The List's guide to Scotland's one hundred best creative talents

Words: Nick Barley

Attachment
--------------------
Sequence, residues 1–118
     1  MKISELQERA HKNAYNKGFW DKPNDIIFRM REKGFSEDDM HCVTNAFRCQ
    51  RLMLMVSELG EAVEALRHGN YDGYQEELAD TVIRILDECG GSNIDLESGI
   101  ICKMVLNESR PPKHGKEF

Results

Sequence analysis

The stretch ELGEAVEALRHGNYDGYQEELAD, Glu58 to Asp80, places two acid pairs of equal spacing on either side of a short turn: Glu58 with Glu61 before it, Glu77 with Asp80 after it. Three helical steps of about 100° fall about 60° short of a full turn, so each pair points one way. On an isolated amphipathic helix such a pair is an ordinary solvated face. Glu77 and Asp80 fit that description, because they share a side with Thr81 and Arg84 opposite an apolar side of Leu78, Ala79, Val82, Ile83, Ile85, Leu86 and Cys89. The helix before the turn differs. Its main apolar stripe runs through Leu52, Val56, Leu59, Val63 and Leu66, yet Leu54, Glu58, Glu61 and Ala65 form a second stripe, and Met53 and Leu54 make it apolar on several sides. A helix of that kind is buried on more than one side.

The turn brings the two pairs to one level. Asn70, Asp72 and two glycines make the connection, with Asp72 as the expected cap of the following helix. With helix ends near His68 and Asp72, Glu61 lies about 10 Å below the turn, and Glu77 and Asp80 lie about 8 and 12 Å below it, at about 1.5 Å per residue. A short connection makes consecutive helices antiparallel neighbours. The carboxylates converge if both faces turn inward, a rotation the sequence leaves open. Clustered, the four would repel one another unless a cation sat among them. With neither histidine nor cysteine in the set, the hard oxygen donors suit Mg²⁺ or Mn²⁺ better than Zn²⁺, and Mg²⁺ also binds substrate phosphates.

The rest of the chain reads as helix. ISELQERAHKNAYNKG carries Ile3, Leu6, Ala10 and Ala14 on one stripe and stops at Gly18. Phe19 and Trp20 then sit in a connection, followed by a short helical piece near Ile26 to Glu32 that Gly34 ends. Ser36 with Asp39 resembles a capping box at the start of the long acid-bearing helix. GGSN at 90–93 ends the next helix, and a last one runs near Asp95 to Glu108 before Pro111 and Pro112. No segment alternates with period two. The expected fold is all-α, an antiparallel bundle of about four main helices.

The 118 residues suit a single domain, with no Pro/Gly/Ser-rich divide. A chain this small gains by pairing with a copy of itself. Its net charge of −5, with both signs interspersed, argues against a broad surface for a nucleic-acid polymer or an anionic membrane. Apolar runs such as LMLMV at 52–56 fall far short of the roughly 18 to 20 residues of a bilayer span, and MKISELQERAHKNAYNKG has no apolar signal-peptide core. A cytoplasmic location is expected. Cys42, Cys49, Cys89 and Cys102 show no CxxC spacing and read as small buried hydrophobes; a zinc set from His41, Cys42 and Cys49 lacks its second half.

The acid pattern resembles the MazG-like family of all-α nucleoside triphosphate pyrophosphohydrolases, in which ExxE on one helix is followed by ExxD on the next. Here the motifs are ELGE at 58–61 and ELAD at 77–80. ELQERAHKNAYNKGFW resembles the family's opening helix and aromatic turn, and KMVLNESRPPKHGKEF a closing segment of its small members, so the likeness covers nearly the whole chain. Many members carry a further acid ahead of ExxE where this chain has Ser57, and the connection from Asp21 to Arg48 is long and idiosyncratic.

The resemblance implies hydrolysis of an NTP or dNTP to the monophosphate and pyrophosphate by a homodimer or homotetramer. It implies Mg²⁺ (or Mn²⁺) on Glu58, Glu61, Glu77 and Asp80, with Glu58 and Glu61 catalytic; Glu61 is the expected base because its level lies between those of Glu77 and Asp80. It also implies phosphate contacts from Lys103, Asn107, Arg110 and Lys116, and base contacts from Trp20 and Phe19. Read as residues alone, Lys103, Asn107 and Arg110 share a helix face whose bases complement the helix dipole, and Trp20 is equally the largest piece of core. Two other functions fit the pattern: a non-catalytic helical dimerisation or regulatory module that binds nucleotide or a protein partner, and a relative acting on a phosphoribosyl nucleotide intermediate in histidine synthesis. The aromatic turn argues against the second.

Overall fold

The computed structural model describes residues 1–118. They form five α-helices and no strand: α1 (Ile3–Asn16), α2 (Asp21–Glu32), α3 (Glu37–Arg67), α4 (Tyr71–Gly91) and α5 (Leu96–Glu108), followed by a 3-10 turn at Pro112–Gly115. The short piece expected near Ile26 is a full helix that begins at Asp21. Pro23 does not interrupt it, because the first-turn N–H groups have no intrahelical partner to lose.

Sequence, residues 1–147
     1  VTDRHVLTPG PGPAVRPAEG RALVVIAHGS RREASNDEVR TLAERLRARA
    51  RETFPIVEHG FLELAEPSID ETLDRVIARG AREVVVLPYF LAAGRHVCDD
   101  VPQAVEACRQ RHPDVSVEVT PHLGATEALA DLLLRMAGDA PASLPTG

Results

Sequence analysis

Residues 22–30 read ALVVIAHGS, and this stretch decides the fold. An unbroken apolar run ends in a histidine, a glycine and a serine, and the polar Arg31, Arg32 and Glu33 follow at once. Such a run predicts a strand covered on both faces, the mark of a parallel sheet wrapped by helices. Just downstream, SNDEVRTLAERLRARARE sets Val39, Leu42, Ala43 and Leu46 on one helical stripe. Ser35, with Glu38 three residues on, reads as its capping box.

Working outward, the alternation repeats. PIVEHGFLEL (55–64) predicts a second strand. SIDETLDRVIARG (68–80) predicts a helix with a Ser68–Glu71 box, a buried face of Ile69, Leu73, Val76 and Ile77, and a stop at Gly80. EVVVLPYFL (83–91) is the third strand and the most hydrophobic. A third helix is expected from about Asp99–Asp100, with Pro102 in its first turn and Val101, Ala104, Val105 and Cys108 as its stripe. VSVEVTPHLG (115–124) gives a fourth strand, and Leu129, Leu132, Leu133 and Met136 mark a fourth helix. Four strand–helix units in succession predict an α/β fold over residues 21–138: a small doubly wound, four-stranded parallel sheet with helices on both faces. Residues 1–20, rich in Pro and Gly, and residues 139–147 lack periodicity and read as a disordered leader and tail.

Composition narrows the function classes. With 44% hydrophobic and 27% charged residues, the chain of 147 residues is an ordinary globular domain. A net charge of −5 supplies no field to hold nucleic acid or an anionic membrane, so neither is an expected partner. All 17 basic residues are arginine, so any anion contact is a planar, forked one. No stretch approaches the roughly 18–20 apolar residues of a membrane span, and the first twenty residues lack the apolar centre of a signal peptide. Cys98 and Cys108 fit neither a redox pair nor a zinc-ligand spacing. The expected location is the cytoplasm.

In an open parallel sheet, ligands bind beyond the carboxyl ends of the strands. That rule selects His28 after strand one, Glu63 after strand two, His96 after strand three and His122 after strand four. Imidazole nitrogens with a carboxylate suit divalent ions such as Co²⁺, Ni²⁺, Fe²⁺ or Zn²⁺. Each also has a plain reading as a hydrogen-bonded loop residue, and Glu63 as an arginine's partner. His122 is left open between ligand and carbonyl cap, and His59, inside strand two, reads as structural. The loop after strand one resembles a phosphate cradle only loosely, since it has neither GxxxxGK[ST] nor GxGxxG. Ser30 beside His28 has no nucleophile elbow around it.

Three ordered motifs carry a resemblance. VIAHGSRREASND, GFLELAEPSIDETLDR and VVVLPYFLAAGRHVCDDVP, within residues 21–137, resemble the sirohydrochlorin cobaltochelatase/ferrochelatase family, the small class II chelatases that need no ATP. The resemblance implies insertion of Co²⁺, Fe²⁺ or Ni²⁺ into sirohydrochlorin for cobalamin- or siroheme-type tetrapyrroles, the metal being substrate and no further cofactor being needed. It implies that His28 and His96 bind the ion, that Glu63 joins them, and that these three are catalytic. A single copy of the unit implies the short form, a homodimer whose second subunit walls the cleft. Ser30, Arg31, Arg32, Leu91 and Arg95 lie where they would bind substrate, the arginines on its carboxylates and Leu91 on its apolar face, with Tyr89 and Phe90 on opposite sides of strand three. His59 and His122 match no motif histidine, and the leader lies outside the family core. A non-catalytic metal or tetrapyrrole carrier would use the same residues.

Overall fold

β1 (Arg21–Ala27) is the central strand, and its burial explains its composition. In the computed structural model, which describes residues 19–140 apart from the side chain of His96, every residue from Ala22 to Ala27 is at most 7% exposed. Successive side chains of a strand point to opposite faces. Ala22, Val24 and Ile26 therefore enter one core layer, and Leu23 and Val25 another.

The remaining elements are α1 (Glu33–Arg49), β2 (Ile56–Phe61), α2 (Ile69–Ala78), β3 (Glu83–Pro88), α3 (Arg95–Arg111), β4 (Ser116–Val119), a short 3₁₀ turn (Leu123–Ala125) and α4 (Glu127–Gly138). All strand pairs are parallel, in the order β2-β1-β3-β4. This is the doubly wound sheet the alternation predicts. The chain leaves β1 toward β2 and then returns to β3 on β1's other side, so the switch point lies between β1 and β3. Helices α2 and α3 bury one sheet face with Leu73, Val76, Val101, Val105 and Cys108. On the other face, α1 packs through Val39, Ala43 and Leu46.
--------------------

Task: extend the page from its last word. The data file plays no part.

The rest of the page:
t‘s late October 2003. and our search for Scotland‘s most creative people begins. Where to start? By asking our editorial team. of course. From film and music to food and sport. the people who have made a difference this year are submitted by The [.ist’s editors and critics. Some 250 names are nominated. After weeks of lierce argument. we whittle the list down to l50. Then. a process of scoring begins: names are rated according to originality. impact in their field. and critical success. The criteria are strict: above all. nominees are judged on their creativity. rather than. say. financial success. Secondly. we focus on the contribution made during 2003. and this rules out a number of worthy candidates. Louise Welsh. for example. whose novel The Cutting Room would have propelled her to a top ten spot for 2002. makes way for those with books published this year. Thirdly. Scots living and working outside the country are eligible. as well as non-Scots working in Scotland. We try to choose artists rather than curators. musicians rather than promoters. novelists rather than publishers. knowing that in most cases. no-one could have made it without the help of many enablers behind the scenes. Is it possible tojudge the merits of a comedian against those of a conductor. or a novelist against a chef? Probably not. but we have had a go. The resulting list is an extraordinary cross section of creative talent. and it demonstrates that Scotland's creative industries are as strong as any in Europe. So who makes it into this year‘s llot I00? Read on and find out.